Demand for nonwoven roll goods is projected to increase 4.5% per year to $5.8 billion in 2011, driven by healthy gains in key markets such as filtration, construction and wipes, according to a new study conducted by the Freedonia Group. Further growth will derive from increased market penetration in many applications, including industrial wipes and roofing membranes, as new technologies improve the functionality of nonwoven materials. However, gains will be limited by intense price competition in consumer markets, where some converted product manufacturers will seek to cut costs by reducing the amount of nonwoven material in their products.
Spunbonded nonwovens will remain the dominant product, accounting for roughly half of total volume in 2011, owing to its position as the material of choice in major markets such as baby diapers. Gains in spunbonded nonwovens will be driven by performance advantages, the development of new applications and increasing demand for composite nonwovens featuring spunbonded webs. Although carded and wetlaid nonwovens are expected to see the slowest gains, certain segments of these product types will have more favorable prospects.
Among disposables markets, consumer products will continue to account for the largest portion of nonwovens sales, though growth will be restricted by below average advances in baby diaper and feminine hygiene markets. Somewhat offsetting this sluggishness in the consumer market will be favorable gains in adult incontinence markets, primarily due to the aging U.S. population. Demand in the filtration market will see the most rapid gains, as nonwovens continue to take market share from other materials such as paper and woven fabrics.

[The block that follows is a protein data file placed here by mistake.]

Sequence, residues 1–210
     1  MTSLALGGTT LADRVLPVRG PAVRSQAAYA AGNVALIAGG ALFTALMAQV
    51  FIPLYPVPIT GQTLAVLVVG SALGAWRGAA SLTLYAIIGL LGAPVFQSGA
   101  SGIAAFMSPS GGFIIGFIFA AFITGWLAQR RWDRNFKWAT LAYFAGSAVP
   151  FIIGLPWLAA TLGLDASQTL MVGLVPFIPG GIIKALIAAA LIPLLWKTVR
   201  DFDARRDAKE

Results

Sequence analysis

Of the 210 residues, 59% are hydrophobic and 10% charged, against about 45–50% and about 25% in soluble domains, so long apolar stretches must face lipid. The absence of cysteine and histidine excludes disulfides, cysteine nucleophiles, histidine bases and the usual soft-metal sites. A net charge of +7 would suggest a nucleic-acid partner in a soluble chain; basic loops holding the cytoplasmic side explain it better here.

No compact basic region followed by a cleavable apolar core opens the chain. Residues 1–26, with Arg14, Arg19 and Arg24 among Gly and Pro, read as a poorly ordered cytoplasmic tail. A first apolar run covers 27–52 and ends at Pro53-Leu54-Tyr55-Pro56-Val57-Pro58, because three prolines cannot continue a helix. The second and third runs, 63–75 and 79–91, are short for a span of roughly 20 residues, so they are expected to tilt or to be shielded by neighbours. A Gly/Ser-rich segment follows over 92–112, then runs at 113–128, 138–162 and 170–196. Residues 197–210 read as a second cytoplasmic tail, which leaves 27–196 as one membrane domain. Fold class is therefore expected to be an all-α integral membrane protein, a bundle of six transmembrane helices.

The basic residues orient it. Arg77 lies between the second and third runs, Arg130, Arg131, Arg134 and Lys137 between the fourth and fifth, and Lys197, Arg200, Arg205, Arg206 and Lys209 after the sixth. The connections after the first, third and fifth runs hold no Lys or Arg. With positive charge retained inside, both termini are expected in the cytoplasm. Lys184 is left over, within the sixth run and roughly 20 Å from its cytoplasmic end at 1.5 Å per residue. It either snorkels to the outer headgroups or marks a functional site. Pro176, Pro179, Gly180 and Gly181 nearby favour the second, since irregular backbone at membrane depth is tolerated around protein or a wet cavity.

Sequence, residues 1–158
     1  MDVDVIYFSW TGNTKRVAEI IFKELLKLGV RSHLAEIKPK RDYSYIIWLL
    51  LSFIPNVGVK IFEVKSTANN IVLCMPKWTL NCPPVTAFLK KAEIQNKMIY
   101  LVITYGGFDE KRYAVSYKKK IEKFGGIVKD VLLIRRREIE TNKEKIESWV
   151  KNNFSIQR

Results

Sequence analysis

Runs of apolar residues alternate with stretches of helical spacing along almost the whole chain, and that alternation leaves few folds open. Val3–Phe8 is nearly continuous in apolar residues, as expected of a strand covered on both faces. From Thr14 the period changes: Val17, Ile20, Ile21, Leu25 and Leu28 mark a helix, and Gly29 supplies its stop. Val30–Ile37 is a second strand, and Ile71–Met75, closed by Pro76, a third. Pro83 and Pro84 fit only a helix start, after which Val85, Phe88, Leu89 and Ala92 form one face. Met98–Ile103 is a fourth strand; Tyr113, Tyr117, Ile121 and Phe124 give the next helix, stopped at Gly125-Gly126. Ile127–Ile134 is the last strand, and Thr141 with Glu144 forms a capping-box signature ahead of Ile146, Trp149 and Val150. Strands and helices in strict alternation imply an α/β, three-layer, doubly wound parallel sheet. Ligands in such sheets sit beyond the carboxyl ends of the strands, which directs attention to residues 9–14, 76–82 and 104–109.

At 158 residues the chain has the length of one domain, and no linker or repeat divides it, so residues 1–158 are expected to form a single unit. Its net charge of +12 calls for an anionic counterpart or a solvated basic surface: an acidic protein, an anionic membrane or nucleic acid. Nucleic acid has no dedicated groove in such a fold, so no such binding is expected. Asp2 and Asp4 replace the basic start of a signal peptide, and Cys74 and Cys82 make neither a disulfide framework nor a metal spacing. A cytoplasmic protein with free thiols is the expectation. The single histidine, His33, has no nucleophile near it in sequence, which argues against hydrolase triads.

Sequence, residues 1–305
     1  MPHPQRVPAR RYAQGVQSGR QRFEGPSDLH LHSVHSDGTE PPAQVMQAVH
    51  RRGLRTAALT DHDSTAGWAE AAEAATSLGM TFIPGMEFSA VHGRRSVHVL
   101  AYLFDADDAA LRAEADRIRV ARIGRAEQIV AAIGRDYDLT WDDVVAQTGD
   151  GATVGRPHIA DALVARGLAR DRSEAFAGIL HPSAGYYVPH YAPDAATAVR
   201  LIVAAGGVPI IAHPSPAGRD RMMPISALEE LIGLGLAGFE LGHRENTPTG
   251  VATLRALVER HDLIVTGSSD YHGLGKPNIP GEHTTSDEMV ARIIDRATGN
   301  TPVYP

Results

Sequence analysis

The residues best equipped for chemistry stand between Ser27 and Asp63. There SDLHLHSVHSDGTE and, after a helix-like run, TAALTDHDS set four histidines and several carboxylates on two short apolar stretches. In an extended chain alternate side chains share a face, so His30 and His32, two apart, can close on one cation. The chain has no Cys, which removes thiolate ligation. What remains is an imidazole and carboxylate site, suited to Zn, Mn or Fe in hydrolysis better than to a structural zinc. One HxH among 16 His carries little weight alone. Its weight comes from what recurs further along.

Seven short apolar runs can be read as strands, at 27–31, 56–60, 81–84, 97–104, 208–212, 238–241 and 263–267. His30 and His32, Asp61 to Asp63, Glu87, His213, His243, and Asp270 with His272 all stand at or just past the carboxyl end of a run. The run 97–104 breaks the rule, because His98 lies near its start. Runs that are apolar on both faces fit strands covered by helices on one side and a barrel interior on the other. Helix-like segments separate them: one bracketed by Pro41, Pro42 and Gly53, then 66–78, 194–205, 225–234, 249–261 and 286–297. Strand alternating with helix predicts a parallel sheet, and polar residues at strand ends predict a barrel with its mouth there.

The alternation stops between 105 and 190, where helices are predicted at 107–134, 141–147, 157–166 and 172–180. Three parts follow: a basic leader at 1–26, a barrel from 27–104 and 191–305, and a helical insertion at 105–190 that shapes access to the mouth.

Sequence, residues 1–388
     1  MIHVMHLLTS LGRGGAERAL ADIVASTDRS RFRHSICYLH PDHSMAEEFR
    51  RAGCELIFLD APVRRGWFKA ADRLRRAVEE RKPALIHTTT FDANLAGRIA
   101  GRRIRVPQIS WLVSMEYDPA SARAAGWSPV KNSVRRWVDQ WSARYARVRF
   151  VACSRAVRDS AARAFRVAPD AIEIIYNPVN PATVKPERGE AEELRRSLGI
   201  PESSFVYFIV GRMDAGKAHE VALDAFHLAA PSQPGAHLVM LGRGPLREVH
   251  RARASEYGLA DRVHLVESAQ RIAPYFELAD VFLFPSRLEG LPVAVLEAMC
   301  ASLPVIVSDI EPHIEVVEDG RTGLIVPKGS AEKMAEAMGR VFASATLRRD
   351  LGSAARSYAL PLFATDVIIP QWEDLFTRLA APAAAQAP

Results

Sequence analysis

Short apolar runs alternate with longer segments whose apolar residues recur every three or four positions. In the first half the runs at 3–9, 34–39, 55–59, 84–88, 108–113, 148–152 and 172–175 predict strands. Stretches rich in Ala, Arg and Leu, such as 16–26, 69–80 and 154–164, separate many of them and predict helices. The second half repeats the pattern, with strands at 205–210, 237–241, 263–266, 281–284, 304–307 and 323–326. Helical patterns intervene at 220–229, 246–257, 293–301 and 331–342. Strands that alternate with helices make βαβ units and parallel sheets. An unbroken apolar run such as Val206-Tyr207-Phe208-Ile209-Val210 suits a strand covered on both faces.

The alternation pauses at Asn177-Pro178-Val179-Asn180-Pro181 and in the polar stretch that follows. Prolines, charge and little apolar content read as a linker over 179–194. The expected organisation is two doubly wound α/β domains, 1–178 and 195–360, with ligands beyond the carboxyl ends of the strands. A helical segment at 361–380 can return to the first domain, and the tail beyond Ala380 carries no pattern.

Nondisposables, which comprised roughly one-third of nonwovens sales in 2006, will grow at a slower pace than disposables. However, the largest nondisposables market, construction, will post above-average gains, fueled by robust growth in nonresidential construction. Other smaller markets, such as agriculture, will also see excellent gains as new applications for nonwoven products continue to be developed. However, declines in clothing and weak prospects for furniture will limit overall growth in the nondisposables segment, as manufacturing of these products continues to move outside the U.S.